Although there should be high expectations of staff in all schools, they should feel that they can get things wrong, in the same way that we encourage pupils to make mistakes and learn from them.

Mental health conversations are now much more common and open in the school environment, but staff must feel empowered to speak up if they are struggling. A culture where positive mental health is celebrated and problems are openly discussed encourages staff to step forward when they need help.

6. Make support accessible

Staff not only need to feel listened to but also that they can access support if they need it.

Senior and middle leaders who are well trained or experienced in managing staff, alongside clear line management models, will allow this to happen effectively. These managers should carefully oversee staff workloads to ensure too much is not being asked of individuals.

Buddies, mentors and coaches within the community may also provide this support, as will groups set up to share best practice and problem solve.

Those who need an extra level of support could be offered somebody to talk to, such as a counsellor or someone who can direct staff towards more professional or specialist help.

7. Encourage self-care

Help staff to identify when they are finding work hard and to know what they need to do about it.

Encourage them to take part in physical activity, whether remotely (for example, in online sessions, using apps such as Strava or by organising online events) or in real life (for example, by joining walking, running or cycling groups). This promotes other positive coping strategies and sends the right message to everyone.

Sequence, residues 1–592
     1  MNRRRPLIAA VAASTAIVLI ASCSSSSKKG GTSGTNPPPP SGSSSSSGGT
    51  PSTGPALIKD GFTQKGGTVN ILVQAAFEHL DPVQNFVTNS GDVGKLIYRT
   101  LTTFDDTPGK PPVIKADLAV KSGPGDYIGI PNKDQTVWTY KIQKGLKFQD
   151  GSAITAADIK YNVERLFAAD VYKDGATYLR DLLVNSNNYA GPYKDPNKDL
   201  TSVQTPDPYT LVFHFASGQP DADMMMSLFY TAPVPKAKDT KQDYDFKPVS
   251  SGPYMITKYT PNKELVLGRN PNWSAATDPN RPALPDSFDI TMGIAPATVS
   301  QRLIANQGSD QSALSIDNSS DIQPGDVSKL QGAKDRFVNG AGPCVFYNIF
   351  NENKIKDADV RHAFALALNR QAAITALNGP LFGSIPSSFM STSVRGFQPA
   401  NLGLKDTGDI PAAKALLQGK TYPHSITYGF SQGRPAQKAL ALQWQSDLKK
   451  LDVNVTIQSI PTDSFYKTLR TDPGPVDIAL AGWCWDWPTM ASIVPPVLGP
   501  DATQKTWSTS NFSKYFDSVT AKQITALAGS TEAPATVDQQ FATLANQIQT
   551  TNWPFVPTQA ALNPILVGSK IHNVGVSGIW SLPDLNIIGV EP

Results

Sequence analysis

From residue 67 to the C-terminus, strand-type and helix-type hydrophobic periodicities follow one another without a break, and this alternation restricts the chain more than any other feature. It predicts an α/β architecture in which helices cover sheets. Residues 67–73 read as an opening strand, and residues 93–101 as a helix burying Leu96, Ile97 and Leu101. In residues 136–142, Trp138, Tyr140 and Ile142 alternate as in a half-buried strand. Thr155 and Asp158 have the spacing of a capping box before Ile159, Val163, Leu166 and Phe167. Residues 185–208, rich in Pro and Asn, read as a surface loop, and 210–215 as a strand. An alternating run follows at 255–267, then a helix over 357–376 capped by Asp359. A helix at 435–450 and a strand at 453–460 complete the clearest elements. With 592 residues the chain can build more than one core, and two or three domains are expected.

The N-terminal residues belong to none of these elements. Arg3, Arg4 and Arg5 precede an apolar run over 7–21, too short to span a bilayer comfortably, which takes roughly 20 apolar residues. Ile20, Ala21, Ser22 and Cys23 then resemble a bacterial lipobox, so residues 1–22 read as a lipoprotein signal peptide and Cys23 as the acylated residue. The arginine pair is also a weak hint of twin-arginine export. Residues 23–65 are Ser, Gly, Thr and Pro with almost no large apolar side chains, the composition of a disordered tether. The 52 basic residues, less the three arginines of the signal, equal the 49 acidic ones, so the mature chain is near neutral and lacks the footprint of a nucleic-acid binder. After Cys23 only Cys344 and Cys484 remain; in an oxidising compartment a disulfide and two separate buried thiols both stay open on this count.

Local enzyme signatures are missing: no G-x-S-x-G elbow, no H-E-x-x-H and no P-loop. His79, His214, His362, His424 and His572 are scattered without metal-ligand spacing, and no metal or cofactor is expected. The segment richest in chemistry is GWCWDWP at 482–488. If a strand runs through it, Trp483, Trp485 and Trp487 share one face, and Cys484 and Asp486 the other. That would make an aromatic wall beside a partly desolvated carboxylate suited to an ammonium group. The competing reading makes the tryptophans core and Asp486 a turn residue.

It is even better, of course, when senior management models these activities, as it gives permission for others to do the same, as and when time and circumstances allow.

Linking wellbeing to CPD goals may also be a useful way to encourage staff to better look after themselves.

So, through effective listening and communication and by providing a safe, supportive, open and positive working environment to return to, we all give ourselves the best chance of success while transitioning back to our ‘new normal’.

Good luck!

More useful resources

Education Support is a charity dedicated to improving the health and wellbeing of the entire education workforce. It also offers a 24-hour support helpline.

The NHS A–Z of mental health charities and organisations is a great place to look for support for many types of mental health conditions.

How to improve self-care: Kelly Hannaghan shares her ideas around teaching self-care techniques to increase productivity and emotional harmony.

Managing anxiety in challenging times: Elizabeth Holmes looks at what to do about anxiety and stress, and where to go for help.

Wellbeing podcast: teacher mental health explores the causes of poor teacher mental health, and what can be done to improve staff wellbeing.

Effective self-care is a self-study training course that guides you through the process of how to look after your physical, mental and emotional wellbeing.

Video: Managing the mental health of all during challenging times: David Beeney shares ways to improve mental health and resilience, stay connected with teams and remain productive and purposeful.


Last Updated: 
09 Mar 2021